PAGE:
Greece Makes You Suffer: Into Reality

“Greece is like a mirror. It makes you suffer. Then you learn.” -John Fowles, The Magus

If you’ve ever read The Magus, by John Fowles, the author who wrote the more famous “The French Lieutenant’s Woman,” you’ll understand what the above quote means, even if non-experientially. If you’ve ever spent much time in Greece, you’ll feel the meaning of the quote way, deep, down, inside the marrow of your bones.

The story is an excellent one, if at times long and a bit over-searching. It is the perfect metaphor for Tantalus in Hades, unrequited love, or the goal never achieved. It is Greece, through and through, for both Greeks and foreigners who have or would live in that antique land. For our purposes here, however, we’ll not go into the plot of that story, but merely state that The Magus is well worth the read.

As regards Greece making a person suffer, this is true of so many different lands throughout the world. “Suffer” may be a strong word in some cases, though highly bothered will certainly fill the marquis appropriately. In India, for instance, I once had to wait for 20 minutes to purchase a stamp at a post office. I drew the post office attendant’s attention almost immediately away from her conversation with her friend, she looked at me, and resumed her conversation, only getting up nearly half an hour later to help me with what took the whole of 30 seconds to accomplish. This is the same attitude commonly known as the “mañanasyndrome,” in which “tomorrow” is the promised day that a plumber or other service person will come, and “tomorrow” arrives (if at all) only many weeks later.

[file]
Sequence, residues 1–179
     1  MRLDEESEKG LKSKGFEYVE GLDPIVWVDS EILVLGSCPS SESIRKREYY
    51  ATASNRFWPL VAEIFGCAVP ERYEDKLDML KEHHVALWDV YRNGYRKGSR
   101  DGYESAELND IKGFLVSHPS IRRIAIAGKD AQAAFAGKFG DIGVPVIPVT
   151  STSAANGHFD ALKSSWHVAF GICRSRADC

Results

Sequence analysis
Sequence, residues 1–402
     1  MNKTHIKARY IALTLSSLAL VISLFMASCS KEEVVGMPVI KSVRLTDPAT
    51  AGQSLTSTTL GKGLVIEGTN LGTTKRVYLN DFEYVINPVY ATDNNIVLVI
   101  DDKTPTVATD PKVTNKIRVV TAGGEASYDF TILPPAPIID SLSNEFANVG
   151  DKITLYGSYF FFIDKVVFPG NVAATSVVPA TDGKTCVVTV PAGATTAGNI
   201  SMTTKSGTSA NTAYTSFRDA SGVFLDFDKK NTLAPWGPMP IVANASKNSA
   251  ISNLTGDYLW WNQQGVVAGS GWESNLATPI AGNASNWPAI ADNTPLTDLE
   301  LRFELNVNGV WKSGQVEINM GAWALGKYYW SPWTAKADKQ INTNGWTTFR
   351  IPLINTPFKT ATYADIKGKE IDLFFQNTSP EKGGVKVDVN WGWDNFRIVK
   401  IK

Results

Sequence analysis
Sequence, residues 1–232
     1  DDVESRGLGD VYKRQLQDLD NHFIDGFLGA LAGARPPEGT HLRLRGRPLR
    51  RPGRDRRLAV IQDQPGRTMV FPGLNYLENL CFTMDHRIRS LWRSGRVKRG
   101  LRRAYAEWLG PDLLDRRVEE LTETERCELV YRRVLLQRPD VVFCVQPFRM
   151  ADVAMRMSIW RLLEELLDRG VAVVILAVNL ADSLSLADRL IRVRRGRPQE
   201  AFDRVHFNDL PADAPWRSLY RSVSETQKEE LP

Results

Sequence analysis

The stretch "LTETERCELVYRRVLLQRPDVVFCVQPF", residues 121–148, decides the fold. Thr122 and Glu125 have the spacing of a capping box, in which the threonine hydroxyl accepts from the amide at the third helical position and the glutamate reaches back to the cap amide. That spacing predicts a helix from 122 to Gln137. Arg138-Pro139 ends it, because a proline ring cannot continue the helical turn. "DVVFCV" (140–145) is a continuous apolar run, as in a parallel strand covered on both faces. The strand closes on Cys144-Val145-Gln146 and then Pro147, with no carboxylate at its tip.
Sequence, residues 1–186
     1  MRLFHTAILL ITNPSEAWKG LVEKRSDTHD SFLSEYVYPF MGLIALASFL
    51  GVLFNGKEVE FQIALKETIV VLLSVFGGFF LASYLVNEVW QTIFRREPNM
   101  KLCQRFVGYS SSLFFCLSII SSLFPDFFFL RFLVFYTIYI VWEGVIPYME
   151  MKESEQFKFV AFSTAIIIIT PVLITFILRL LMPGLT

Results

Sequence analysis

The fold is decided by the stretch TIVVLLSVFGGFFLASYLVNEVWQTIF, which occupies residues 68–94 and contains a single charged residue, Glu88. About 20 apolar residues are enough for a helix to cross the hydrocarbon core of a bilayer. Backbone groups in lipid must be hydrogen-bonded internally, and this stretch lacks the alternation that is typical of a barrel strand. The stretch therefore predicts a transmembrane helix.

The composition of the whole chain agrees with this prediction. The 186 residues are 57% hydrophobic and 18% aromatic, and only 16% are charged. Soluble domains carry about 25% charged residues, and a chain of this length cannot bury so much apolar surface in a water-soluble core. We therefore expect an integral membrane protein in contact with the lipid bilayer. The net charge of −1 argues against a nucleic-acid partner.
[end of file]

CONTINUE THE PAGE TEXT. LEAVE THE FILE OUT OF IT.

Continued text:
Of course, this is cultural, and Greeks are well aware that asking for a specific service to be attended to on a certain day holds little or no value. More often than not, they accept this attitude without complaint (though this is slowly changing, especially in the larger cities, where it is not tolerated so much). For foreigners the situation can be even worse, especially if they are not up to snuff on their Greek, and explaining their frustration to the inattentive serviceman may only lead to more frustration.

Yet, coming to the third part of the quote, “then you learn,” comes the real wisdom of the situation. As time goes by, foreigners living in Greece (known collectively as “barbarians” in ancient days, hence the word) learn to compromise or accept outright that which they really have little power over yet which might have thrown them into conniptions in the past. Life becomes calmer over-all, and the mirror becomes the man, or woman.

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